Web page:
Classical Training: The Warm-Up
I have interviewed many of the world's top dressage riders and am often curious as to how they structure a training session for their horse. Typically, when asked the question, they will say, "well, I warm up for X amount of time, and then I begin schooling the exercises, etc." Regardless of how long they spend in "warm-up" phase, this answer does not properly explain what they do during this time.
Why do they do it for the specified time? How do they know when their horse is warmed-up? And when did they come to accept this method, and time period as an acceptable means of preparing the horse for the lesson?
On a young horse, I find the term "warm-Up" particularly confusing, as really isn't his entire training schedule based on warming him up for the future? The warm-up on a young horse effectively becomes the work and the cooling down a reversal of the way you initiated the lesson. In addition, warming up a horse not only depends on their age, but also on their physical fitness, overall mental willingness, current mental status, the weather, physical weaknesses, physical strengths, and of course your own physical and mental capabilities on any given day. So it would seem very clear that there is no one way to warm-up a horse, but there are certain guidelines and goals one should aim for each and every time you take up the reins.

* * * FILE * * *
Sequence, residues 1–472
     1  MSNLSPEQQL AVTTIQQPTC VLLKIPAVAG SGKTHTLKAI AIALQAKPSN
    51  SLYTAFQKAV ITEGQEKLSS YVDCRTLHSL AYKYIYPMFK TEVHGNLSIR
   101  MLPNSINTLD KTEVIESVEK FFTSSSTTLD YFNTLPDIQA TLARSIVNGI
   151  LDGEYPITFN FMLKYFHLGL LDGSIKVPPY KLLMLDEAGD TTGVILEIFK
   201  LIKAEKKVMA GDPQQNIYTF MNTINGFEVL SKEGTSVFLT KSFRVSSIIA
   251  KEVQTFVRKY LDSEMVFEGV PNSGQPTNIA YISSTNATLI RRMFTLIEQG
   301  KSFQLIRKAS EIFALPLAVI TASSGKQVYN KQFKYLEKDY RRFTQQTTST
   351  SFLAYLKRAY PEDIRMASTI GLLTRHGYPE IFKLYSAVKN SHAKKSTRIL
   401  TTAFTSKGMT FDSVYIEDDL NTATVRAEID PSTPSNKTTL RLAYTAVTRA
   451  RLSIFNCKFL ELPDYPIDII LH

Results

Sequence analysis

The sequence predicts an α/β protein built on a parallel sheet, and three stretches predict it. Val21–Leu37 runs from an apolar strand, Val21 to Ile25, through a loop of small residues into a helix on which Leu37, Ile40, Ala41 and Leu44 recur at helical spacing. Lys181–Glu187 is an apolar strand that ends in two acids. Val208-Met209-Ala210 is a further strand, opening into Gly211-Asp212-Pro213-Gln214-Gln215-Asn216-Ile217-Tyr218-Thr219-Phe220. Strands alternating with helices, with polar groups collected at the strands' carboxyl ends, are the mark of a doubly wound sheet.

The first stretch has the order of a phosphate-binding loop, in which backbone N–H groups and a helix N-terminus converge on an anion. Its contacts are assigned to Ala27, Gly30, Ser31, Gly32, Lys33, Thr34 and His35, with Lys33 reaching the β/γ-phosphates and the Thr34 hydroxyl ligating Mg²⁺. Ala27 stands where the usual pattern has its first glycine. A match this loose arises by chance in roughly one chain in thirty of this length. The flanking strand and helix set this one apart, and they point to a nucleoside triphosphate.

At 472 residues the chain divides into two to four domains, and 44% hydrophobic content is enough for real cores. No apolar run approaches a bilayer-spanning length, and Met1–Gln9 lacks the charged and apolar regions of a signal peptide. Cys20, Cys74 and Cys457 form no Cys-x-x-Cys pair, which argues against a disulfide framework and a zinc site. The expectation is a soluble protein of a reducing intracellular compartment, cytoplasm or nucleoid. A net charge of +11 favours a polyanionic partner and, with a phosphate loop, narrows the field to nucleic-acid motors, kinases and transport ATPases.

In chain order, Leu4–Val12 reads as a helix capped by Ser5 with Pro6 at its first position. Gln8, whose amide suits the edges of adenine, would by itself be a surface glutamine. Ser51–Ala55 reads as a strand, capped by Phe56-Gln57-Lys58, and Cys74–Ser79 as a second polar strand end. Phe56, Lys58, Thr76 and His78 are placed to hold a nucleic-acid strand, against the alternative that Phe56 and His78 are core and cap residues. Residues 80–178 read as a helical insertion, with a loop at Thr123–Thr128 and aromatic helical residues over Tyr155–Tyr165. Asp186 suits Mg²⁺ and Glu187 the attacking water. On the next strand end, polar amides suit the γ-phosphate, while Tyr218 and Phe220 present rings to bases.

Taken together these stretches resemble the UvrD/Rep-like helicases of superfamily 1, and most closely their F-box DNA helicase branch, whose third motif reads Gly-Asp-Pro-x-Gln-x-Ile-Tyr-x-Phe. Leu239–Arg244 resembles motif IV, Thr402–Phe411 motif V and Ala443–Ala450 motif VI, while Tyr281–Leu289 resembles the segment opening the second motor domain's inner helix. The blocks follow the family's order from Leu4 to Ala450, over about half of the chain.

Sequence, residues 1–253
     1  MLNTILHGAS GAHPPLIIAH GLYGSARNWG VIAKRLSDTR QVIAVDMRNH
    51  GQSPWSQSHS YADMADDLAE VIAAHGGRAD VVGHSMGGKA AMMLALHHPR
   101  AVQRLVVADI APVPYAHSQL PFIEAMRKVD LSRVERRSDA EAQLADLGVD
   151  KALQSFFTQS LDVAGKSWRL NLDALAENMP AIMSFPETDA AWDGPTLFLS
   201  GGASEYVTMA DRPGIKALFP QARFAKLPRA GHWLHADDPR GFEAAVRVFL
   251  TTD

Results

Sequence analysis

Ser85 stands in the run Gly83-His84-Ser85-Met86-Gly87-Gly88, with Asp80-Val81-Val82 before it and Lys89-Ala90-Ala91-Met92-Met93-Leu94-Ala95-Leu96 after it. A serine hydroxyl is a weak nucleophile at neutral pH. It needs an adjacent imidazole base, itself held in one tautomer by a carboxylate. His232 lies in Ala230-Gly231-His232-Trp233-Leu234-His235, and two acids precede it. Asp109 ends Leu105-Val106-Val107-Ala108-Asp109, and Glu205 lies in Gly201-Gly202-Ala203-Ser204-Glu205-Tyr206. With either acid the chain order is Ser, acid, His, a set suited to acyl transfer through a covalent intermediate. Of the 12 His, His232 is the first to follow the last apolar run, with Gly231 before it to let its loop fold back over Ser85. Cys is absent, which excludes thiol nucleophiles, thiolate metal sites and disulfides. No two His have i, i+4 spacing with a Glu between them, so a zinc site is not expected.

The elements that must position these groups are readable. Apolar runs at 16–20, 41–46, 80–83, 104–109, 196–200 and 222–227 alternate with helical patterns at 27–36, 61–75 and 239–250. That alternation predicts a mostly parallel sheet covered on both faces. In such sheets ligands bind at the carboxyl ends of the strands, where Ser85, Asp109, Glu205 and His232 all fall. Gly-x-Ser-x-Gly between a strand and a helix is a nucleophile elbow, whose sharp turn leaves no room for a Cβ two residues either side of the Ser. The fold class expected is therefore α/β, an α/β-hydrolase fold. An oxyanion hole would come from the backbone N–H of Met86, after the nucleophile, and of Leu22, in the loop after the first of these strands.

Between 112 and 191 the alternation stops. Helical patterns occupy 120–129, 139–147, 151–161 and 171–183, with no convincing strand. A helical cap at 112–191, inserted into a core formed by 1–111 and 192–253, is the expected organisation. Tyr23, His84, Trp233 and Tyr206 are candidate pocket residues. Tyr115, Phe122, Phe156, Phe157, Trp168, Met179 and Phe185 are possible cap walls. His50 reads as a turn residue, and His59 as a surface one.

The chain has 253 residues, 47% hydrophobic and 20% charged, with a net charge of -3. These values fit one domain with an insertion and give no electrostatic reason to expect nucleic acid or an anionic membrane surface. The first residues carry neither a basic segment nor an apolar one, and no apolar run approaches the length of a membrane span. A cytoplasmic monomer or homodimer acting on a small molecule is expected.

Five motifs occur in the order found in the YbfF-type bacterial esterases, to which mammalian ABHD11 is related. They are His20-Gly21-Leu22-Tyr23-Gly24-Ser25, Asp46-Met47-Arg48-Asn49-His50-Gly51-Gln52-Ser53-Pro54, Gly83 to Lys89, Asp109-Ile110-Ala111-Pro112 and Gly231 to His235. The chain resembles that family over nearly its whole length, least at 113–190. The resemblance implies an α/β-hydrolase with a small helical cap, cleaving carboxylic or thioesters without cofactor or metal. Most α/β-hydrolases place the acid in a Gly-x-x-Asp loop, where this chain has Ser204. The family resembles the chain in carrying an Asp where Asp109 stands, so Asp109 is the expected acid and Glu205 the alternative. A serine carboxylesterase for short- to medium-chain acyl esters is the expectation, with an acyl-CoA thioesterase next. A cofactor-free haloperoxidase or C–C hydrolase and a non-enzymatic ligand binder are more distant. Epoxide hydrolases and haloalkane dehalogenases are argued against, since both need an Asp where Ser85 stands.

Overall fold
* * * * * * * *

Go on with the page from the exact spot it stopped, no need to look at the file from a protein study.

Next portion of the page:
First walk. Everyone says you should try to walk your horse out loose for at least ten minutes at the start of each lesson and this is true. However if your horse is having a particularly fiery day for some particular reason, your warm-up may be better (or more safely achieved) in a lunging arena!
Once you have walked for the ten minutes, I usually begin with relaxed walk- halt -walk transitions, making sure I have the horse's attention and sensitivity to my aids before going to trot. This also helps me determine how the lesson will go; if I can use today as a day for training the more difficult movements or if he is off with the fairies. Then the time would be better spent working on the foundations: rhythm, relaxation, balance, suppleness, responsiveness, cadence!